Friday, January 25, 2019

A Primer on Active vs. Passive Voice for Writers


By Lori Hatcher @LoriHatcher2

When you think of the word passive, what comes to mind? A wimpy, limp-handed mama’s boy? An acquiescing woman (or man) who never stands up to their spouse? A timid puppy that rolls over on its back when it encounters a bigger, meaner dog?

In grammar, voice is about the relationship of the subject to its verb. Every verb has voice. It is either active or passive. 

Last month on A Primer on Parallelism for Writers I gave you some pointers on one of the most common writing mistakes I encounter in my work as an editor, faulty parallelism. This month, I’d like to share some information about another repeat offender – passive voice.

In the active voice, the subject of a verb acts. In passive voice, the subject is acted upon

For example:

Arnold Schwarzenneger ran for Governor of California.

Arnold Schwarzenneger was elected Governor of California.

Arnold is the subject of both sentences, but in the first example, Arnold ran, making the subject active. He did the running. This is the active voice. 

In the second example, Arnold doesn’t act at all. He is acted upon. He was elected. This is passive voice.

When You Should Use Active Voice

Active verbs (versus passive verbs like is, was, were, am, are) create dynamic sentences. They launch your sentences forward rather than weighing them down. Sentences that use active verbs read better and seldom struggle with wordiness. Active verbs help you write tight.

When You Should Use Passive Voice

Don’t assume, however, that it’s always wrong to use passive voice. Sometimes a subject needs to be passive, like when you want to create sympathy for your subject. Consider this example:

*The 80-year-old woman was robbed by an unknown assailant in her front yard.

*An unknown assailant robbed an elderly woman in her front yard.

The first version focuses on the poor little old lady’s unfortunate plight. The second seems like an impersonal report on a police blotter, focusing on the criminal rather than the victim.

The Choice Depends on Who or What You Want to Emphasize

The passive voice puts the spotlight on the person or object experiencing the action rather than the one who performs the action. Which do you want to emphasize? The person that experiences the action or the person who performs it? Which is the goal of the sentence?

*Cara Mund was crowned Miss America in 2018.

*Judges crowned Cara Mund Miss America in 2018.

Both these sentences are correct, but the first is passive (the subject, Cara Mund, received the action of being crowned). This places the emphasis on Cara, not the judges. The second sentence is active, placing the emphasis on the judges who crowned Cara, not on her for being crowned. 

If you were writing an article about Cara, the passive voice would work better. If you were describing the 2018 Miss America pageant, you’d want to use the active voice.

You may also choose to use passive voice when the person doing the action is unknown. Take this sentence for example:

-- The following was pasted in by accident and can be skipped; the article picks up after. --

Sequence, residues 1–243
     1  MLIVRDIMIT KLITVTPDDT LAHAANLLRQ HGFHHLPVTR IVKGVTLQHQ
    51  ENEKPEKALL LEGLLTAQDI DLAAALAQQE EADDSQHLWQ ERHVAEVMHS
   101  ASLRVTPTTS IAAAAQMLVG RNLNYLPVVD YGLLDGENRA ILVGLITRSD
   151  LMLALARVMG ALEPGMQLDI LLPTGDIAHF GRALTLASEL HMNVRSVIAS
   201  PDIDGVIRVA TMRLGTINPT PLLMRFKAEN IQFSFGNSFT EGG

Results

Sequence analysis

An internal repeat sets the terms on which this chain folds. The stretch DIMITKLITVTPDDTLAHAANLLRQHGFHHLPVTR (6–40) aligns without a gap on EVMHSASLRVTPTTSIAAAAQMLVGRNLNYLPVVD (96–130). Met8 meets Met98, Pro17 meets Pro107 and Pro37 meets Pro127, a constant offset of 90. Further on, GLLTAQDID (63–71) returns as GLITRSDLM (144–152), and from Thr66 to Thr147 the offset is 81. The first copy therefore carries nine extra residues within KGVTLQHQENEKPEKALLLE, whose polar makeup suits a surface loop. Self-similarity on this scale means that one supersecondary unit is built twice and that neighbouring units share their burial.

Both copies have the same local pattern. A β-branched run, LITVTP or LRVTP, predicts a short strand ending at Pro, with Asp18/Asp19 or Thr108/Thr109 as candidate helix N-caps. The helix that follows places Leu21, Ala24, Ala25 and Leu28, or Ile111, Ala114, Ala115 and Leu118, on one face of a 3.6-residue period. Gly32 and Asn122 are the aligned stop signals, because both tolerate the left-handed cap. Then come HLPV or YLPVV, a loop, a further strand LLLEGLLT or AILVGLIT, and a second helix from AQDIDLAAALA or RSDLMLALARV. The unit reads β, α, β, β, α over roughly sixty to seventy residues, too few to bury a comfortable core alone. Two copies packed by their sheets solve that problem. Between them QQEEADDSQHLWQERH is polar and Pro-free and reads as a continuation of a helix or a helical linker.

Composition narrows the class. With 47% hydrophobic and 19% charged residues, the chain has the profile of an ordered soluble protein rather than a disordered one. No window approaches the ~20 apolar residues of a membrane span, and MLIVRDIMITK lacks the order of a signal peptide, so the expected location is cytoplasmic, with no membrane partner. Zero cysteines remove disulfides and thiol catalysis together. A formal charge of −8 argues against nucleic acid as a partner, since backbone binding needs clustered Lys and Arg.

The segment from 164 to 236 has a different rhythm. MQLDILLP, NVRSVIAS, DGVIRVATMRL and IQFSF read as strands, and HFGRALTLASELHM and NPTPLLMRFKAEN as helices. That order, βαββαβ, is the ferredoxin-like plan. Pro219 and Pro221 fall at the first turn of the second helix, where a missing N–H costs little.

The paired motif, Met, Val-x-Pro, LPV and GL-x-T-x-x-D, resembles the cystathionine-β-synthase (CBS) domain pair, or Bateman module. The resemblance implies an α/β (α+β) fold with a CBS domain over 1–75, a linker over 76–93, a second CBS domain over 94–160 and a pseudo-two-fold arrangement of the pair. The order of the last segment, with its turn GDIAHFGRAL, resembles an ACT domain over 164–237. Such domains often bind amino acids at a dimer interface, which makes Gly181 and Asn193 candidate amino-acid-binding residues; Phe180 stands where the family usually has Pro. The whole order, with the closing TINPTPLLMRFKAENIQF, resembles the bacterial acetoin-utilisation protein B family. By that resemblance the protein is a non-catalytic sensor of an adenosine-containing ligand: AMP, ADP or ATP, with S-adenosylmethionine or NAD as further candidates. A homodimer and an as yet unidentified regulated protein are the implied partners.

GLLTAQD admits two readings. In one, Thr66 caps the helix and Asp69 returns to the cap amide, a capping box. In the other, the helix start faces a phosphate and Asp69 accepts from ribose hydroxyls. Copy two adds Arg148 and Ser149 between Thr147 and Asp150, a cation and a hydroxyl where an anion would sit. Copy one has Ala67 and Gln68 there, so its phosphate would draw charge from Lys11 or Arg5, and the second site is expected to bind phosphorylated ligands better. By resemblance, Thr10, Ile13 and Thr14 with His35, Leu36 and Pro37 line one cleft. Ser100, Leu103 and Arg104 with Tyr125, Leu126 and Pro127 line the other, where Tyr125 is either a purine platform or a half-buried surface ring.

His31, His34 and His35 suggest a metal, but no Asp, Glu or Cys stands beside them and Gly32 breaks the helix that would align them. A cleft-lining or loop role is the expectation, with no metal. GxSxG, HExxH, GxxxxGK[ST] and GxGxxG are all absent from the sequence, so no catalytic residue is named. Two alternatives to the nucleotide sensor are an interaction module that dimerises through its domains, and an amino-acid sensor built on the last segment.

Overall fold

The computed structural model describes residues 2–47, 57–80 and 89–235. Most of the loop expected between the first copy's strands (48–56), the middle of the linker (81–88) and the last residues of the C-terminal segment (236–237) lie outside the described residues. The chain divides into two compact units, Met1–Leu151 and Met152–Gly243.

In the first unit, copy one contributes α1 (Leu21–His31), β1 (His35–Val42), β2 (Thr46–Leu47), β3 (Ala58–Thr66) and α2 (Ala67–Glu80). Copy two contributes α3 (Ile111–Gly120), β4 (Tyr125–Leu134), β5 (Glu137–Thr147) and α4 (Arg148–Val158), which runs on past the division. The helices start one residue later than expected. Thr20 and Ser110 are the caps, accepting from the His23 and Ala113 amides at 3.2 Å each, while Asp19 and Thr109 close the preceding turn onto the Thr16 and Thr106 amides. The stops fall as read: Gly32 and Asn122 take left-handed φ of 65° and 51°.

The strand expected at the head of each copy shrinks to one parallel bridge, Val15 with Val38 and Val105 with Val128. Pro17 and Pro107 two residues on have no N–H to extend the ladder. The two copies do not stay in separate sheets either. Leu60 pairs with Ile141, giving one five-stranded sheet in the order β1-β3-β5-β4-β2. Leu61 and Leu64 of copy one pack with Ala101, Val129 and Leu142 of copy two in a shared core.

My sidewalk was neatly shoveled every morning before the sun came up. 

This passive construction emphasizes the fact that an unknown someone did a kind act, not on the person who did the kind act, because I don’t know who it was.

I hope this explanation helps clarify this often confusing but very common writing challenge. My general rule of thumb is to use active voice whenever possible and reserve passive voice for very specific and intentional cases.

Now it’s time to apply what you’ve learned. Write your own pair of active and passive verb sentences and share them in the comment box below. If you model your sentences after some of my examples, it will help the concept find a permanent home in your writer’s toolbox. Ready, set, GO!

Here’s my attempt:

Knowing when to use passive versus active voice is a common struggle for writers. (Passive)

Writers often struggle to know when to use passive and active voice. (Active)

TWEETABLES


This material is part of Lori’s workshop practicum, “(Practically) Painless Editing for the Grammatically Challenged.” She’ll be sharing this and other workshops at the Carolina Christian Writers Conference in Spartanburg, South Carolina March 1-2. She hopes to see you there!

Lori Hatcher is the editor of Reach Out, Columbia magazine and the author of two devotional books, Hungry for God … Starving for Time, Five-Minute Devotions for Busy Women and  Joy in the Journey – Encouragement for Homeschooling Moms. A blogger, writing instructor, and inspirational speaker, her goal is to help women connect with God in the craziness of life You’ll find her pondering the marvelous and the mundane on her blog, Hungry for God. . . Starving for Time. Connect with her on FacebookTwitter (@LoriHatcher2), or Pinterest (Hungry for God)

6 comments:

  1. Lori, I appreciate this post. I know the difference, but hadn't thought about purposely using passive voice to evoke sympathy for a character or create a certain feeling. Another tool for my toolbox!

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    1. Hooray! I'm so glad even a seasoned writer has gained something from this primer. We never stop learning, do we?

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  2. "We are cold-weather bound."
    The cold temperatures keep us in the house."

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    1. Perfect. I feel the passivity of being bound by the cold weather in your first sentence. And the power of the cold temperatures in your second. Well done. Even so, come quickly, Lord Spring!

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